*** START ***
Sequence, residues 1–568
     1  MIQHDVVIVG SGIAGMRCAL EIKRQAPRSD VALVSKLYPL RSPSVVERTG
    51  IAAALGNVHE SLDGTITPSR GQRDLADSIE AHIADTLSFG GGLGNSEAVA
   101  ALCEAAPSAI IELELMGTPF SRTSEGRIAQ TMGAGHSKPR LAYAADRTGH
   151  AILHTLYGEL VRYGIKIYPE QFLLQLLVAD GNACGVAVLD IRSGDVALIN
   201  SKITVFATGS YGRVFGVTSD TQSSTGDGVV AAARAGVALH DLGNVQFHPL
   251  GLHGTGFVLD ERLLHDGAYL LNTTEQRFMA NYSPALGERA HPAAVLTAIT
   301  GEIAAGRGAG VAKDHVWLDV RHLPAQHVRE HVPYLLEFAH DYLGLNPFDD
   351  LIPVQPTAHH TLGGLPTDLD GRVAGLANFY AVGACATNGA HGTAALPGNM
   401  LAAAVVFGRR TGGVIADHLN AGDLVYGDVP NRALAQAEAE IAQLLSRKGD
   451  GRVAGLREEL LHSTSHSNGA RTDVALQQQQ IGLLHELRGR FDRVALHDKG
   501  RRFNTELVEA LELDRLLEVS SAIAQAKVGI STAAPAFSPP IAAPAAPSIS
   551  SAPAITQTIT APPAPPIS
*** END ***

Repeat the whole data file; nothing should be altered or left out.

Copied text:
Sequence, residues 1–568
     1  MIQHDVVIVG SGIAGMRCAL EIKRQAPRSD VALVSKLYPL RSPSVVERTG
    51  IAAALGNVHE SLDGTITPSR GQRDLADSIE AHIADTLSFG GGLGNSEAVA
   101  ALCEAAPSAI IELELMGTPF SRTSEGRIAQ TMGAGHSKPR LAYAADRTGH
   151  AILHTLYGEL VRYGIKIYPE QFLLQLLVAD GNACGVAVLD IRSGDVALIN
   201  SKITVFATGS YGRVFGVTSD TQSSTGDGVV AAARAGVALH DLGNVQFHPL
   251  GLHGTGFVLD ERLLHDGAYL LNTTEQRFMA NYSPALGERA HPAAVLTAIT
   301  GEIAAGRGAG VAKDHVWLDV RHLPAQHVRE HVPYLLEFAH DYLGLNPFDD
   351  LIPVQPTAHH TLGGLPTDLD GRVAGLANFY AVGACATNGA HGTAALPGNM
   401  LAAAVVFGRR TGGVIADHLN AGDLVYGDVP NRALAQAEAE IAQLLSRKGD
   451  GRVAGLREEL LHSTSHSNGA RTDVALQQQQ IGLLHELRGR FDRVALHDKG
   501  RRFNTELVEA LELDRLLEVS SAIAQAKVGI STAAPAFSPP IAAPAAPSIS
   551  SAPAITQTIT APPAPPIS